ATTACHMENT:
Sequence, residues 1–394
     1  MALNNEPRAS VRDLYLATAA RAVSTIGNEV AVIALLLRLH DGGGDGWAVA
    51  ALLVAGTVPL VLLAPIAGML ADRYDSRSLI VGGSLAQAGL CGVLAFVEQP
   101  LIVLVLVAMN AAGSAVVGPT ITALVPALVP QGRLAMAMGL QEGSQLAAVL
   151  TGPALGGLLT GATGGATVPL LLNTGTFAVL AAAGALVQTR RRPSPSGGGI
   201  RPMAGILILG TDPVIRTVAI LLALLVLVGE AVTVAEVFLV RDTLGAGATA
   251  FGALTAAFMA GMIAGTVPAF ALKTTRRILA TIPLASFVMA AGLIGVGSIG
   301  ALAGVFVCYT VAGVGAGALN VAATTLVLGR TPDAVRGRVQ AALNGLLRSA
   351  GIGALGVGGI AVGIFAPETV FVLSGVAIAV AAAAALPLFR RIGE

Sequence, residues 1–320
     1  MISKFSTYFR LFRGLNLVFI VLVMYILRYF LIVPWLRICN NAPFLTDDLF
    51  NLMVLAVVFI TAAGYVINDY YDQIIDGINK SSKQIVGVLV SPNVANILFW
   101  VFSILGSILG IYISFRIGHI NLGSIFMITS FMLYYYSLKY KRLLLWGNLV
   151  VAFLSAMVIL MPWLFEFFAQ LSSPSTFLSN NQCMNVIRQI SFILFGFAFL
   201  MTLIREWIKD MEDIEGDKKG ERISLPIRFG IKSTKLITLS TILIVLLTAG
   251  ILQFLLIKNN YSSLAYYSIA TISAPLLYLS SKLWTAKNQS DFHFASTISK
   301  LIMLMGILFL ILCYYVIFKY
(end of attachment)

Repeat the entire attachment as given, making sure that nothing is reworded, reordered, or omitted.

Sequence, residues 1–394
     1  MALNNEPRAS VRDLYLATAA RAVSTIGNEV AVIALLLRLH DGGGDGWAVA
    51  ALLVAGTVPL VLLAPIAGML ADRYDSRSLI VGGSLAQAGL CGVLAFVEQP
   101  LIVLVLVAMN AAGSAVVGPT ITALVPALVP QGRLAMAMGL QEGSQLAAVL
   151  TGPALGGLLT GATGGATVPL LLNTGTFAVL AAAGALVQTR RRPSPSGGGI
   201  RPMAGILILG TDPVIRTVAI LLALLVLVGE AVTVAEVFLV RDTLGAGATA
   251  FGALTAAFMA GMIAGTVPAF ALKTTRRILA TIPLASFVMA AGLIGVGSIG
   301  ALAGVFVCYT VAGVGAGALN VAATTLVLGR TPDAVRGRVQ AALNGLLRSA
   351  GIGALGVGGI AVGIFAPETV FVLSGVAIAV AAAAALPLFR RIGE

Sequence, residues 1–320
     1  MISKFSTYFR LFRGLNLVFI VLVMYILRYF LIVPWLRICN NAPFLTDDLF
    51  NLMVLAVVFI TAAGYVINDY YDQIIDGINK SSKQIVGVLV SPNVANILFW
   101  VFSILGSILG IYISFRIGHI NLGSIFMITS FMLYYYSLKY KRLLLWGNLV
   151  VAFLSAMVIL MPWLFEFFAQ LSSPSTFLSN NQCMNVIRQI SFILFGFAFL
   201  MTLIREWIKD MEDIEGDKKG ERISLPIRFG IKSTKLITLS TILIVLLTAG
   251  ILQFLLIKNN YSSLAYYSIA TISAPLLYLS SKLWTAKNQS DFHFASTISK
   301  LIMLMGILFL ILCYYVIFKY